Building a Screen Porch

A screen porch is a versatile addition to any home, especially if you can remove the screens when not needed. With a screen porch you are able to enjoy the beauty of nature without enduring outdoor discomforts … primarily flying, biting bugs! If you already have a patio or a deck, converting that space into a screened porch should be relatively straightforward.

Planning Your Screened Porch

It is necessary to plan the porch. You should make sure that your screened porch permits and meets all the side and rear yard setbacks and every other aspect of the zoning code. Be sure you get proper building permits before starting any major building project. An architect can then be called. Make sure the architect is experienced and well versed in the subject. Make sure that the size of the finished room suits your needs. Put all the furniture you want to use in the patio.

Building a screen porch requires an understanding of some basic elements like climate and construction. Evaluate and explore various options. Take into consideration various styles and accordingly plan the basics of the building. Screen porch can be square or rectangular in shape. The flooring can be hard wood or laminated.

Screen Porch

Cost Estimation

It is important that you do the costing as it will save further headache. This can be accomplished by doing a material take-off. This is a simple list that shows the type, quality and quantity of material required for the project.

The Foundation

The deck of the porch is very important. The piers of the deck should be properly dug. For this first build the deck outline. After the corners are established you can easily find the centre of your piers. Dig the post holes with the post hole digger down to the frost level.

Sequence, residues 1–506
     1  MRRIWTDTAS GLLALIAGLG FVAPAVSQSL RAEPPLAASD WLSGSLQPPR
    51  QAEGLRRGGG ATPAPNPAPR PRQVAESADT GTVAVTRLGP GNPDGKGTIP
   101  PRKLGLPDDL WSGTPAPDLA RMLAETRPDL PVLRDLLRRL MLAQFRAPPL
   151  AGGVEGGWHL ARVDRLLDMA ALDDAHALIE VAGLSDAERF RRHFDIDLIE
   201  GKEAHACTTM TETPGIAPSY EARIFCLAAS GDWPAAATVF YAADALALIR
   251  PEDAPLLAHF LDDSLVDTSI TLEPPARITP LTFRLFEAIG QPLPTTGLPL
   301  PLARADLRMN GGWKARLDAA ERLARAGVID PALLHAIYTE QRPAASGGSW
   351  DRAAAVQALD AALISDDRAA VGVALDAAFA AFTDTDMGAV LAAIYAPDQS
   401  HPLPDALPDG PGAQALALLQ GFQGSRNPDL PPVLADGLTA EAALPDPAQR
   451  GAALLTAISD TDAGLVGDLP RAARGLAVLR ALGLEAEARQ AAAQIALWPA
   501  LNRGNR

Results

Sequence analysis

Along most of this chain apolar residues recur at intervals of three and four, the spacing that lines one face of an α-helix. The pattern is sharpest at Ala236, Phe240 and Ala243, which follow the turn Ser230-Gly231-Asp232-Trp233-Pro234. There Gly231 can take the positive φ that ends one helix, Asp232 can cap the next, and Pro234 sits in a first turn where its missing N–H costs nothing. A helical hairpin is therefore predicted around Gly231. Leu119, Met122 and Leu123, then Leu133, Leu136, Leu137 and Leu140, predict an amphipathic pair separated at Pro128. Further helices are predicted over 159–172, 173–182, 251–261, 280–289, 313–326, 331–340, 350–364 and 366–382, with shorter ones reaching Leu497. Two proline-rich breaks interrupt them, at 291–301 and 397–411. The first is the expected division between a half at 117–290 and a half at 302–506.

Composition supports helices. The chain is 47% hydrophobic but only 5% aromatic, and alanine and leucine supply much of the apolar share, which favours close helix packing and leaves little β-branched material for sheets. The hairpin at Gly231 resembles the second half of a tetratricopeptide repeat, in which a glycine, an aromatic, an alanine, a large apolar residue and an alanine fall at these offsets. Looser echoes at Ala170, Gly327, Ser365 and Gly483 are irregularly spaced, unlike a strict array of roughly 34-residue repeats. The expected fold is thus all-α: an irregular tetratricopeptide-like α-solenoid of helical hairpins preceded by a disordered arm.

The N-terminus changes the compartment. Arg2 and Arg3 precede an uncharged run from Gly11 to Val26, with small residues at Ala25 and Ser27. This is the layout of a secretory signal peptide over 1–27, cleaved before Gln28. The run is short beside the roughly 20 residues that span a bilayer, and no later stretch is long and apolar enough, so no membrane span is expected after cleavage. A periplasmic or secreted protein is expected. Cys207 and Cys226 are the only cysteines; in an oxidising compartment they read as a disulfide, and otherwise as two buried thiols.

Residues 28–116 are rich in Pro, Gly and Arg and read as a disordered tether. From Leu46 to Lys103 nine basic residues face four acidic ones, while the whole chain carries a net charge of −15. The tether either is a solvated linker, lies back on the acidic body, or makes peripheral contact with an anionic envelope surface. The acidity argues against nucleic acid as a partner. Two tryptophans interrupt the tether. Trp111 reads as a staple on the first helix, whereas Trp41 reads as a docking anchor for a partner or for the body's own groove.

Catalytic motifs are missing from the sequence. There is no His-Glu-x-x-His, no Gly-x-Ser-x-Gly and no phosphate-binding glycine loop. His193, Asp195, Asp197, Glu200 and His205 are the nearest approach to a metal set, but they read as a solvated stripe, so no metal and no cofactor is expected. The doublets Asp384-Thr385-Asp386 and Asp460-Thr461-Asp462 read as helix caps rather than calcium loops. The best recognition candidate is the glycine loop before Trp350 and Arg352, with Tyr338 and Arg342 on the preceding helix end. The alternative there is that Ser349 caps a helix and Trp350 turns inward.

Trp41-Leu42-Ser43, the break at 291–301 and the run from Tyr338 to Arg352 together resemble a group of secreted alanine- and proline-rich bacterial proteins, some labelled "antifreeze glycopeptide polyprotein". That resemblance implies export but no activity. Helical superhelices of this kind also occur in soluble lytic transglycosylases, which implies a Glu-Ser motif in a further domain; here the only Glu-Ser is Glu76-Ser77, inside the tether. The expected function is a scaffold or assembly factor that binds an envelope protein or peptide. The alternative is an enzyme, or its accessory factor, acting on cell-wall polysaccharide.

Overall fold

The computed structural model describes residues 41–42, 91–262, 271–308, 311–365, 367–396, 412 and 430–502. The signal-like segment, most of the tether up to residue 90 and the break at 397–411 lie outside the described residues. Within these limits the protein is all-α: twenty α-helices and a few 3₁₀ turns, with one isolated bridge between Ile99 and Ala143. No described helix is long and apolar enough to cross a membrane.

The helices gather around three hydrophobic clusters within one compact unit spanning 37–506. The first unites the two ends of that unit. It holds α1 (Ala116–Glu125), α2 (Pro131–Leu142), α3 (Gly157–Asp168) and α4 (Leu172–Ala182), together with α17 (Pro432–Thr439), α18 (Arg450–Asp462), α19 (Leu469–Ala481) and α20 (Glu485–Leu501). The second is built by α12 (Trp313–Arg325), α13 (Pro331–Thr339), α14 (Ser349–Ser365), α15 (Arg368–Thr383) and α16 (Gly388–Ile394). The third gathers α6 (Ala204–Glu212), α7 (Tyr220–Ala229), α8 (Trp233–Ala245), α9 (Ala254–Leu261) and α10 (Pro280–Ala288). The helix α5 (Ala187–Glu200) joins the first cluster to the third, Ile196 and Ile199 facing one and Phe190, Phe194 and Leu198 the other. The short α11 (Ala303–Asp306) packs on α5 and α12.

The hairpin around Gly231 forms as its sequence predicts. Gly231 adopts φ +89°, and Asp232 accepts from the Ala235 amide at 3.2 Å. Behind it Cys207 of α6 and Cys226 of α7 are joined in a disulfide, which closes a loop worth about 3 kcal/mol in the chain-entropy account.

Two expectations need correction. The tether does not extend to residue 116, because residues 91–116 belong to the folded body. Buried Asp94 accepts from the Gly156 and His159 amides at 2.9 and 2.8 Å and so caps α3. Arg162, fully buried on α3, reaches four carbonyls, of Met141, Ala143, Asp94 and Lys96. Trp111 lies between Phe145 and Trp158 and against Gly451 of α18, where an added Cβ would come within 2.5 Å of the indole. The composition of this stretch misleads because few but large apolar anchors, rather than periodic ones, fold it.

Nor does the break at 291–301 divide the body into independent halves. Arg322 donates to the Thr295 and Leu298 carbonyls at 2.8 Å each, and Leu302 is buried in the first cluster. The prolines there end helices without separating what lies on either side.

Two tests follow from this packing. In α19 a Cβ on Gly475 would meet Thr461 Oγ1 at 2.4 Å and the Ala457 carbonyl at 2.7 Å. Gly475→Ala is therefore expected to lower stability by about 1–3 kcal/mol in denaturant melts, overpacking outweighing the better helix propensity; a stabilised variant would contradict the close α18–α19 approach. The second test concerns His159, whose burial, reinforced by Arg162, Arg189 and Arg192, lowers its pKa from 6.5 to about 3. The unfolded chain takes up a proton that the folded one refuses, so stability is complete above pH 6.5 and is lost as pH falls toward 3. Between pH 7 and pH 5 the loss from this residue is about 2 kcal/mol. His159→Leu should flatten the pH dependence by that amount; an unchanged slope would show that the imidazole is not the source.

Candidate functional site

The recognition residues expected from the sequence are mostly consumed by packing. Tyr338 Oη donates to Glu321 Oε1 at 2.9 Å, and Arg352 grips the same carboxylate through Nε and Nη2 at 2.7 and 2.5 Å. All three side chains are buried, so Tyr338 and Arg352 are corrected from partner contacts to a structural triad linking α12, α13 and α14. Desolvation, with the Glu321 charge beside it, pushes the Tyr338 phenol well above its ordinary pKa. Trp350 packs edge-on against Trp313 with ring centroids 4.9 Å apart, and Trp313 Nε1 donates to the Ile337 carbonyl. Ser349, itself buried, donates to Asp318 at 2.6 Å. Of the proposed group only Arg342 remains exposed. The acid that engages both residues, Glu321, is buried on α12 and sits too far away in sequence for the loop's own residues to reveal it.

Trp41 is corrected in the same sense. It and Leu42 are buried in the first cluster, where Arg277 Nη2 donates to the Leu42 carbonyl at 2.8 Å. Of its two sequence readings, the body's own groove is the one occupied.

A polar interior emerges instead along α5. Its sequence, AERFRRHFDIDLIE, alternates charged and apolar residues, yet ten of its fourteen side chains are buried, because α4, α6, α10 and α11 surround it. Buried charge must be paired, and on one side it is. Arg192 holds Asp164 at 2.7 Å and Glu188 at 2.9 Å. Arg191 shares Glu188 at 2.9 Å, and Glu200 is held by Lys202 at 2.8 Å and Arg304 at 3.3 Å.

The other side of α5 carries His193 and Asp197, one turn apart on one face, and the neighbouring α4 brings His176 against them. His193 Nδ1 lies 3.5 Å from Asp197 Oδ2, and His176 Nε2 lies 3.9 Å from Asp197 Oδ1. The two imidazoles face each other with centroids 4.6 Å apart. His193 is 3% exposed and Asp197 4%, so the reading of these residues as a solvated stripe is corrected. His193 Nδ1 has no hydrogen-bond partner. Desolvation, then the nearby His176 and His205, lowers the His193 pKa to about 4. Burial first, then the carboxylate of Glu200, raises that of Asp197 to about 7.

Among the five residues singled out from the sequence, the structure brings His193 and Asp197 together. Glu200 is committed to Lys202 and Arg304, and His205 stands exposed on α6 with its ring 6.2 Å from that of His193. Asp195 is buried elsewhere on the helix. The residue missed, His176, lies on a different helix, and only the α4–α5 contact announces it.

Pour approximately 8 inch thick layer of concrete in the bottom hole. The next day, insert the treated lumber post that has an attachment for the joists. Around the post fill about 6 inch of gravel and finally 6 inches of concrete. This way it is easy to replace the post should it become necessary.

Decking and Walls

The deck or the floor is important. You can use treated lumber. Do not put any spacing between your decking boards or else they will shrink.
Seal the deck boards before nailing. Get your electrical wires installed and possibly a gas line for your grill. Plan for these things beforehand as to how they reach the porch from the house.

The walls are simply screened panels that fit between the posts that support the roof structure. Put the panels of the walls at the end.
Screening is available in a wide range of materials including rust-proof bronze, copper or aluminum, as well as anodized aluminum with a baked on finish, and even vinyl.

Corner/Support Posts

This is important as the beams rest upon them. The beams span over the posts and are connected with special post and beam galvanized hardware. The lumber used should be untreated as treated ones will twist as they dry out. Use the lower grade as it has tight knots.


The roof adds to the overall look of the porch. If your house has a hip roof use the same for the porch. These are very strong and help to lock the walls together. It can be made up of any material including translucent sheeting or solid roofing material,

You can find clear, colored or translucent fiberglass panels for roofing your porch. Fiberglass panels provide shade and protection from the elements. You can have more or less shade depending on which type and how much translucence the panels have.

Light weight fiberglass roof panels are available, which are durable and resist impact well in case of hail, high winds and other inclement weather. The material will not shatter, shrink or expand significantly over time and is easy to install.

Electric Requirements

One should always plan for the electric requirements in advance. You may need outlets for radio, lamps or TV’s, fans etc.

Painting or Finishing

This is very important as it adds to the overall effect. Wooden screened porches require maintenance. This can be minimized by pre-painting or finishing the wood before installing.

This also reduces the damage due to water. Paint the screen panels before installing the screens. You can also paint the roof rafters and underside of the roof plywood before installing them.

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